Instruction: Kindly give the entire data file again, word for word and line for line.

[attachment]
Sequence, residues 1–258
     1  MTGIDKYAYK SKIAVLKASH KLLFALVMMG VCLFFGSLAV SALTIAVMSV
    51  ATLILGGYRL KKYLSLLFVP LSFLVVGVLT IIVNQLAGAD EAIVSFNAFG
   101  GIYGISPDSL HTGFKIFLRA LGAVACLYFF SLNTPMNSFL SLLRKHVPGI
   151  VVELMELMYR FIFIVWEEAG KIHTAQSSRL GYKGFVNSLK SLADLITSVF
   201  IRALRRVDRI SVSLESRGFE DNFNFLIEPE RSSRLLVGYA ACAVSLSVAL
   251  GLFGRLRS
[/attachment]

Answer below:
Sequence, residues 1–258
     1  MTGIDKYAYK SKIAVLKASH KLLFALVMMG VCLFFGSLAV SALTIAVMSV
    51  ATLILGGYRL KKYLSLLFVP LSFLVVGVLT IIVNQLAGAD EAIVSFNAFG
   101  GIYGISPDSL HTGFKIFLRA LGAVACLYFF SLNTPMNSFL SLLRKHVPGI
   151  VVELMELMYR FIFIVWEEAG KIHTAQSSRL GYKGFVNSLK SLADLITSVF
   201  IRALRRVDRI SVSLESRGFE DNFNFLIEPE RSSRLLVGYA ACAVSLSVAL
   251  GLFGRLRS